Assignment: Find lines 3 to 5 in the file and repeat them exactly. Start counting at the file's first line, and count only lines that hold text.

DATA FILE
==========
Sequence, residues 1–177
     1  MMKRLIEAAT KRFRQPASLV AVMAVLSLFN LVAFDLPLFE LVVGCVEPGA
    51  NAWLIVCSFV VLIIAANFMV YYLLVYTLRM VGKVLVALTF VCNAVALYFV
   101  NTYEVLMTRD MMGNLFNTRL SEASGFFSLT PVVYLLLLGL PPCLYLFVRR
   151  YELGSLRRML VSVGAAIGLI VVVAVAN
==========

    51  NAWLIVCSFV VLIIAANFMV YYLLVYTLRM VGKVLVALTF VCNAVALYFV
   101  NTYEVLMTRD MMGNLFNTRL SEASGFFSLT PVVYLLLLGL PPCLYLFVRR
   151  YELGSLRRML VSVGAAIGLI VVVAVAN